Before the industrial revolution population growth was held in check by high mortality rates, which were accompanying high birth rates. The source of high mortality rates in a classical Malthusian perspective could have been the limitation in the amount of available
agricultural resources, either continuously, leading to poor nutrition (and therefore to higher morbidity and premature deaths), or episodically, through famines. But there were also other forces at play.
First of all very high rates of child mortality, either through systematic infanticide (itself probably a function of available resources), especially of females, or as a consequences of neglect and of poor living, childbearing, and childrearing conditions Second, possible neglect of the elders, the disabled and the infirm and the spread of epidemic diseases (which was favored by overcrowding and poor living conditions in the cities of agricultural societies),
Third endemic warfare, between tribes, nations or individuals, leading to direct deaths as well as to the misdirection and destruction of the resources otherwise available for survival. Still, following the improvements of agricultural technology in particular, there was some population growth at a very slow pace, slightly accelerating in time. Later on, especially since the half of the nineteenth century, the decrease in mortality rates (a true “mortality revolution” “which has resulted in doubling or more of average life expectancy at birth” and has been the direct consequence of the diffusion of medical knowledge and discoveries that has followed with some delay the Industrial Revolution) has led to a much faster population growth, while the demographic consequences of two world wars and related upheavals are shown in a temporary decrease of growth rates.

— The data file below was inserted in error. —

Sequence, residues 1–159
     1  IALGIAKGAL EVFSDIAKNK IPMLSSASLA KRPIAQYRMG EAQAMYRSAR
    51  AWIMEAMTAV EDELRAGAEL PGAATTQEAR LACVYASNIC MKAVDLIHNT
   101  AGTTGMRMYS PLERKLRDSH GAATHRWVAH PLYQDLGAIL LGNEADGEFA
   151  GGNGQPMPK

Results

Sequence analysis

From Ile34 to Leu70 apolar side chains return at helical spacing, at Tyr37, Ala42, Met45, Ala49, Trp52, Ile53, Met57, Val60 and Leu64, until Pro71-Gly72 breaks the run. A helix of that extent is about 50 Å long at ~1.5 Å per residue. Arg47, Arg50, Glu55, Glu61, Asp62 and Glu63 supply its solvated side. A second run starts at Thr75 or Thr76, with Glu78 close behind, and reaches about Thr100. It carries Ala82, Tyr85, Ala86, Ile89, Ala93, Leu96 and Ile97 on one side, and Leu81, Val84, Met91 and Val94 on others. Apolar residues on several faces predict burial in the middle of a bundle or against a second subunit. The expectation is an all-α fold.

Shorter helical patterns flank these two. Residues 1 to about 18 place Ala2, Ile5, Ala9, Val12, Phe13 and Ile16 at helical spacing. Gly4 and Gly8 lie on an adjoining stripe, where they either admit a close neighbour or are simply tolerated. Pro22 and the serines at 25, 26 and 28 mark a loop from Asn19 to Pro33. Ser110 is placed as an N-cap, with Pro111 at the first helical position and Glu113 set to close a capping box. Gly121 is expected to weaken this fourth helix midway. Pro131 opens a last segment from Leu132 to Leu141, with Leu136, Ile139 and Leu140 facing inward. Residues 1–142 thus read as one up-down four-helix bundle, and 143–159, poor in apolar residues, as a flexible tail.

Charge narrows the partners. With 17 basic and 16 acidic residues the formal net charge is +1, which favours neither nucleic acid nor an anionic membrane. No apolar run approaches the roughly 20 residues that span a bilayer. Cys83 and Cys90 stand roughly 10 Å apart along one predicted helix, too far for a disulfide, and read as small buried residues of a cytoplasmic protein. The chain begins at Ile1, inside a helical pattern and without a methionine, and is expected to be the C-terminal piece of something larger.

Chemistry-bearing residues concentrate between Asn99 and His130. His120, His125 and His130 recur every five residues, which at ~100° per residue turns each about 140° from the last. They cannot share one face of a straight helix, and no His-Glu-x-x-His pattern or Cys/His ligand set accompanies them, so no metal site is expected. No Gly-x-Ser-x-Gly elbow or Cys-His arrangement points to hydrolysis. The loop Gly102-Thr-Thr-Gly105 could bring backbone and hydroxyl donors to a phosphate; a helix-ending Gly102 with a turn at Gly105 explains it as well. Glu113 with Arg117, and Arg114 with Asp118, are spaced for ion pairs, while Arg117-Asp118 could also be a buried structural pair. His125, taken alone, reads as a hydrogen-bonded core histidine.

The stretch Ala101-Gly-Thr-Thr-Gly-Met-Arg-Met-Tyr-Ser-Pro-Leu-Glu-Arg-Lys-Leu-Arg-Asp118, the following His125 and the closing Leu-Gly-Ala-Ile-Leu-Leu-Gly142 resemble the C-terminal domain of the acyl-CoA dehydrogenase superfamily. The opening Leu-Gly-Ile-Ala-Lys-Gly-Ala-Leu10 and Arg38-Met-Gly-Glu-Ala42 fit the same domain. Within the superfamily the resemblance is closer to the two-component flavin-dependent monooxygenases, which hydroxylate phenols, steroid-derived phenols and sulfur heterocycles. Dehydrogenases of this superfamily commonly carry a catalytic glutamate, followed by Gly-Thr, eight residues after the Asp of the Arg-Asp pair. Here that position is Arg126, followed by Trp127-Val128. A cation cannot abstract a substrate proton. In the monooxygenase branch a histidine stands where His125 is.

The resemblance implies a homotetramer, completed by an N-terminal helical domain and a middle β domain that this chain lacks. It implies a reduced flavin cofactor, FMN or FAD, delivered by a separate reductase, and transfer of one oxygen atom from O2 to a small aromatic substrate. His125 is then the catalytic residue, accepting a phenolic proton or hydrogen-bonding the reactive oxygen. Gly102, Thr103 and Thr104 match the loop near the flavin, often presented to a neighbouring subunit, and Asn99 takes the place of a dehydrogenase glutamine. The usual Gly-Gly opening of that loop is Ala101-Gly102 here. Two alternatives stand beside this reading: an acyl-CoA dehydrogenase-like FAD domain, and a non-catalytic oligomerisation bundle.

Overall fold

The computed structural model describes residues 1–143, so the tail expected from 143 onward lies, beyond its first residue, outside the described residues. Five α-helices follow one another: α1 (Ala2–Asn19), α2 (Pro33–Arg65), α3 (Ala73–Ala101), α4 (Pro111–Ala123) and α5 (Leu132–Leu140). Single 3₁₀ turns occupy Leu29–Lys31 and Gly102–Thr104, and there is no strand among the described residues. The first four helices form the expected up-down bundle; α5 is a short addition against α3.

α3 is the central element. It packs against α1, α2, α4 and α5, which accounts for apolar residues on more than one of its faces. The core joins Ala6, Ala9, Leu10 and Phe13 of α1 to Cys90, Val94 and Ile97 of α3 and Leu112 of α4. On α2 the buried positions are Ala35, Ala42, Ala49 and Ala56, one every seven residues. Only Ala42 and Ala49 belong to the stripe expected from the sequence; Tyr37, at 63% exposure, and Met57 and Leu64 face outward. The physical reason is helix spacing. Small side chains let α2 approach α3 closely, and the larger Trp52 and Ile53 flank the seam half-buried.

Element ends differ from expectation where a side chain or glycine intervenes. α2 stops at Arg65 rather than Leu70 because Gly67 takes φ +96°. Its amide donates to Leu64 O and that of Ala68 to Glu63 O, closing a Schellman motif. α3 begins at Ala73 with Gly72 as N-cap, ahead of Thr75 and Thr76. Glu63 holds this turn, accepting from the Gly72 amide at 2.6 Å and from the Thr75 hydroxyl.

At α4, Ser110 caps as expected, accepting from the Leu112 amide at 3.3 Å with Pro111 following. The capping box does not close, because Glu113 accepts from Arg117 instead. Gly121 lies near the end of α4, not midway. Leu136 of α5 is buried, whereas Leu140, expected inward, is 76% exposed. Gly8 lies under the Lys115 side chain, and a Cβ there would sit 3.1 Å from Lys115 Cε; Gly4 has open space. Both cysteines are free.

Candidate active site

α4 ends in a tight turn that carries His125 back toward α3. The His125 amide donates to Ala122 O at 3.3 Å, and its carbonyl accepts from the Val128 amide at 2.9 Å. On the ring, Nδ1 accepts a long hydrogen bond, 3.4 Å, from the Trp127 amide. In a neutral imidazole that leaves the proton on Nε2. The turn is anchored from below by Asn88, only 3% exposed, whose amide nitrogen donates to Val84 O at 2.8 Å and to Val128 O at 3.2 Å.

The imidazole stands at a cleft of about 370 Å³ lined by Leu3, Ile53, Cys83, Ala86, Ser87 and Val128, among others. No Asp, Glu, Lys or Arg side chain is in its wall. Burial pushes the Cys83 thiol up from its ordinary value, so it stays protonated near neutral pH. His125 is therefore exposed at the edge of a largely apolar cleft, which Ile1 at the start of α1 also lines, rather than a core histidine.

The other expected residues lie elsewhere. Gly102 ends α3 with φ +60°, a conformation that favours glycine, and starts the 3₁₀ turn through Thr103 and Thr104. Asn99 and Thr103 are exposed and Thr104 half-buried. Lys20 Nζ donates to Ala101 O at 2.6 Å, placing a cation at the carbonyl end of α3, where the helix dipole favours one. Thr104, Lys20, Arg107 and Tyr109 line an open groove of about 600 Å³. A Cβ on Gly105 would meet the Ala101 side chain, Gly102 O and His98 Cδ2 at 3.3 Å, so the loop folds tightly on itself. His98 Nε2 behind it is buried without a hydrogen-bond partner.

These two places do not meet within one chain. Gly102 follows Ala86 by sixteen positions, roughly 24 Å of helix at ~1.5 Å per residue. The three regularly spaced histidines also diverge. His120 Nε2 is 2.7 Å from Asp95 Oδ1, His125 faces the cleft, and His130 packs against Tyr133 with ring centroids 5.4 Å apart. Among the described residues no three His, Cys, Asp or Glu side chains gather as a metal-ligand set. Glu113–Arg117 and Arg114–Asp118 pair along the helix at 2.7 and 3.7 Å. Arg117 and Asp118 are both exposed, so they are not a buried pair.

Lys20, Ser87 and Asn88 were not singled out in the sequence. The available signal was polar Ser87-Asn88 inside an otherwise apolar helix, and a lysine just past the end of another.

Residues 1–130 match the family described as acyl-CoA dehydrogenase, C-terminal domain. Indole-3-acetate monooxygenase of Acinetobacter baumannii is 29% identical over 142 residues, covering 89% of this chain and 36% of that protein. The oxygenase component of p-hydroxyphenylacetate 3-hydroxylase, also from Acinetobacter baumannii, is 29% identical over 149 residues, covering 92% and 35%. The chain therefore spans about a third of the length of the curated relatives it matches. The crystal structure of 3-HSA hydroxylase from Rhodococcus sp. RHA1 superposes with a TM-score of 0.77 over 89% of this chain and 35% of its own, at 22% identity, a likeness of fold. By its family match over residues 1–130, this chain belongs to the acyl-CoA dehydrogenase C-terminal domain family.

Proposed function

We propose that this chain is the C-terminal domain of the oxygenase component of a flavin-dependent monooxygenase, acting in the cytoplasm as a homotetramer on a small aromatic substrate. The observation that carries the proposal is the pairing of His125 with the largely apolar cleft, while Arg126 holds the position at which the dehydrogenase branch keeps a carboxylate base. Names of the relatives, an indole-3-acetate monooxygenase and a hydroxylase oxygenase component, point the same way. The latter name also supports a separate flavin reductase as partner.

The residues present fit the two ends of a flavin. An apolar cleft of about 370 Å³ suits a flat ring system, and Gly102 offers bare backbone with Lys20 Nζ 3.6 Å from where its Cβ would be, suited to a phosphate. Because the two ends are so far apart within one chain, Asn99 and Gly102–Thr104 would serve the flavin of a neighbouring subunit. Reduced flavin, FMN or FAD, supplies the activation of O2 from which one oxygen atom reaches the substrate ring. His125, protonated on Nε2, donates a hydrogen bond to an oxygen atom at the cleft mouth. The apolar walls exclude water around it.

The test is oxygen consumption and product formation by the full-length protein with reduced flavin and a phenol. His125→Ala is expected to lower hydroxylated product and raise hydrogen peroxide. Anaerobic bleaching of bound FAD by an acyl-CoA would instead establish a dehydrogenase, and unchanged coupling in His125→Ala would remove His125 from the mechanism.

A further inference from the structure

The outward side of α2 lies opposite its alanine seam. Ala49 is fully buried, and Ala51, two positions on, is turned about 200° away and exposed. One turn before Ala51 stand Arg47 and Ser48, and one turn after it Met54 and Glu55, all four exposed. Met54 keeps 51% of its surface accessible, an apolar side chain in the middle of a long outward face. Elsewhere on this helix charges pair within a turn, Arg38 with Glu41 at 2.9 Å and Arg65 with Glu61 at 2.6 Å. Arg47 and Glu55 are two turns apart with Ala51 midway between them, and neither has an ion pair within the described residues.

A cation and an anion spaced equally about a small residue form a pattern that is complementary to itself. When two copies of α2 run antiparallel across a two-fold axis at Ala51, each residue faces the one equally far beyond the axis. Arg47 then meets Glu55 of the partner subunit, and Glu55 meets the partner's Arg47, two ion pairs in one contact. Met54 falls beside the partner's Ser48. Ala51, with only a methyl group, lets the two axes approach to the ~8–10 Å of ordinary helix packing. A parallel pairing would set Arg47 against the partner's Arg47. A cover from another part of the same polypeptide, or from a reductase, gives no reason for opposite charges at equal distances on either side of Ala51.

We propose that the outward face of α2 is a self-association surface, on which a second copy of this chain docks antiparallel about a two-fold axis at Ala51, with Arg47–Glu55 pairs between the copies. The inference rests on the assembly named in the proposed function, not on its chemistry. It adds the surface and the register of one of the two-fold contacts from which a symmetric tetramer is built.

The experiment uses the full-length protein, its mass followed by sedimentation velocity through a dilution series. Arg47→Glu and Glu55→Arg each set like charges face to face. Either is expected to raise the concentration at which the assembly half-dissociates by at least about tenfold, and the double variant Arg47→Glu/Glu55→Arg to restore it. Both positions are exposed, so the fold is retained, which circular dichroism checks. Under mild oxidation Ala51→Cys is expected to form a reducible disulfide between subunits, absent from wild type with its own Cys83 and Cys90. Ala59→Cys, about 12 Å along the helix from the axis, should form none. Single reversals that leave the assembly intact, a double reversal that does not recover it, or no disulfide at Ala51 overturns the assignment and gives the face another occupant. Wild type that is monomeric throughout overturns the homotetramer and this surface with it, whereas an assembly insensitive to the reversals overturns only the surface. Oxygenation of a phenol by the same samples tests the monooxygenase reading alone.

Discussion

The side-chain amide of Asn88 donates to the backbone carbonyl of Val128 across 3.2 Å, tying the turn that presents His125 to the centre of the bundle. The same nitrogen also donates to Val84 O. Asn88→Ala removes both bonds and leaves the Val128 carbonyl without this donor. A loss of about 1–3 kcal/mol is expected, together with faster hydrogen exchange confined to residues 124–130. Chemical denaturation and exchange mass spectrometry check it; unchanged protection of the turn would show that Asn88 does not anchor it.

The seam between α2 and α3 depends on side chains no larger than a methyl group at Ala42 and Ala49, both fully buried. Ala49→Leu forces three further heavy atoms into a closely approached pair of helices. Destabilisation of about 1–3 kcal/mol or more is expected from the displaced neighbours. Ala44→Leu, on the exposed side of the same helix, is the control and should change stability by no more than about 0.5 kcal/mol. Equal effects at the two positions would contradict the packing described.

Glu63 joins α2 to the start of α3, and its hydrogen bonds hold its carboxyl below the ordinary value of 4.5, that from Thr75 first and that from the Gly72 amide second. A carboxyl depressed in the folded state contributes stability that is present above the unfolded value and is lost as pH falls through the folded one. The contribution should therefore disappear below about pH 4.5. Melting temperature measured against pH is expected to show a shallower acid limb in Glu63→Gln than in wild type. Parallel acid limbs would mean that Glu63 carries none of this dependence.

The post World War II period has seen an unprecedented population explosion, with some signs of abating however following increasing living standards and progresses in the technology of birth control, In Malthus’ own words: “The positive checks to population are extremely various, and include every cause, whether arising from vice or misery, which in any degree contributes to shorten the natural duration of human life. Under this head, therefore, may be enumerated all unwholesome occupations, severe labour and exposure to the seasons, extreme poverty, bad nursing of children, great towns, excesses of all kinds, the whole train of
common diseases and epidemics, wars, plague, and famine.”
According to Ember (1978) about 60% of the societies of hunter gatherers of which there is documentation were recorded to be at war at least once every two years. As to preindustrial civilizations it is enough to recall world and European history (for instance,
considering European history immediately preceding the Industrial Revolution, in the 16th century 95% of the time there were wars involving the major European powers, 94% in the 17th and 78% in the 18th century. The table below shows the trend in human population growth in the course of history.